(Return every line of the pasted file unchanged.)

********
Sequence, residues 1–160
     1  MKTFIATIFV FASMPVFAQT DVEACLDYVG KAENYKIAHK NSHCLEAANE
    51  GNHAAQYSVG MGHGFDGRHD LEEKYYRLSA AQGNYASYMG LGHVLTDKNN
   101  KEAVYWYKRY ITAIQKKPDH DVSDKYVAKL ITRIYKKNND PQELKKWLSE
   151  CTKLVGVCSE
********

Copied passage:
Sequence, residues 1–160
     1  MKTFIATIFV FASMPVFAQT DVEACLDYVG KAENYKIAHK NSHCLEAANE
    51  GNHAAQYSVG MGHGFDGRHD LEEKYYRLSA AQGNYASYMG LGHVLTDKNN
   101  KEAVYWYKRY ITAIQKKPDH DVSDKYVAKL ITRIYKKNND PQELKKWLSE
   151  CTKLVGVCSE